All CONMEBOL-related activities were suspended, including both legs of the Copa Sudamericana final, scheduled for 30 November and 7 December,[34] and the second leg of the Copa do Brasil Final.[35] Besides changing their profile pictures on social media to a black version of Chapecoense's badge and issuing messages of solidarity,[36] other Brazilian teams offered to loan the club players for the next year[34] and asked the Brazilian Football Confederation (CBF) to exempt it from relegation for the next three years.[37] Sociedade Esportiva Palmeiras, winner of the Brazilian national league title, sent a formal request to the CBF to pay tribute in its last fixture of the season by wearing Chapecoense's jersey. Atlético Nacional, Chapecoense's opponents-to-be in the final, asked CONMEBOL to honor Chapecoense by awarding them with the Copa Sudamericana title, stating that "for our part, and forever, Chapecoense are champions of the 2016 Copa Sudamericana".[38] The first response of the CONMEBOL regarding the request, in the words of its President Alejandro Dominguez when arriving in Medellín, was: "It is very worthy [of consideration]. However, it is time to get to work, to talk with the Brazilian and Colombian [officials], with those of Atlético Nacional. I do not have a position on the suggestion. The gesture is commendable. I did not have time to talk about it [during my flight]."[39]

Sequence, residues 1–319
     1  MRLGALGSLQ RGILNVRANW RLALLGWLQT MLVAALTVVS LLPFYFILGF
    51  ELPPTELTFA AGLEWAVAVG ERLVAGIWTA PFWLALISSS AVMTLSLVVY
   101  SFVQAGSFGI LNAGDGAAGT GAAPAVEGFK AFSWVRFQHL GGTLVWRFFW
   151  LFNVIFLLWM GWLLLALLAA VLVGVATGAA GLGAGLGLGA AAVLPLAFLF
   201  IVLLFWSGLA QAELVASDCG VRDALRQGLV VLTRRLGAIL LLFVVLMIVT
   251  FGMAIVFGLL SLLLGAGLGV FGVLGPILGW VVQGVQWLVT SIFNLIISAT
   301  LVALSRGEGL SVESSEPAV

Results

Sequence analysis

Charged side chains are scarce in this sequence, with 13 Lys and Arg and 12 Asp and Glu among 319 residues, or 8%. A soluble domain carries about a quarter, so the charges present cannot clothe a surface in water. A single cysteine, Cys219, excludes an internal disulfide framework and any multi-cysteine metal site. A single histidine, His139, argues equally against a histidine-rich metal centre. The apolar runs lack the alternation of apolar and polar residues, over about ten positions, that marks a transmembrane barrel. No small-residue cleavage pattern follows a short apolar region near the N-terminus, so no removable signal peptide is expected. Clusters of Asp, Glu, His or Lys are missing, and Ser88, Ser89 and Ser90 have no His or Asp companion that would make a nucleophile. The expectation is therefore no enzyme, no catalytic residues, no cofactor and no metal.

Some football teams in South America, such as Racing Club and Huracán in Argentina,[40] and Club Nacional de Football in Uruguay,[41] announced that they would play their coming league fixtures with the crest of Chapecoense on their shirts as a tribute.

Chapecoense also plans to honour the victims by a mass wake at Condá Arena stadium in Chapecó, the small Brazilian city in Santa Catarina state where the team is based.[42]


Avianca, Colombia's flag carrier and largest airline, provided 44 psychologists to help in the counseling of the families of the victims. The airline, by request of the Colombian and Brazilian governments, also provided logistical support and transportation to Brazilian medical personnel which are involved in the identification of the deceased.[43] On Twitter, Avianca expressed its regrets over the incident and stated that "our prayers are with the families of the victims".[44]

During an interview, Roberto Canessa, a member of a Uruguayan rugby union team that was travelling to an away game in 1972 when their aircraft crashed in what became known as the Andes flight disaster, expressed that he wanted to help the survivors of the crash.[45]


The surviving players were Alan Ruschel,[46] Jakson Follmann[47] and Neto.[22] The other survivors were a journalist and two members of the flight crew.[47][48] In an interview with the press, one of the surviving crew members said that he survived because he followed the emergency protocols by putting his carry-on suitcase between his legs and sitting in the brace position,[49] while several other passengers panicked and stood upright before impact, which could have led to their deaths. Team goalkeeper Danilo initially survived the crash and was taken to a hospital; he was able to telephone his wife, but later died there.[50][51]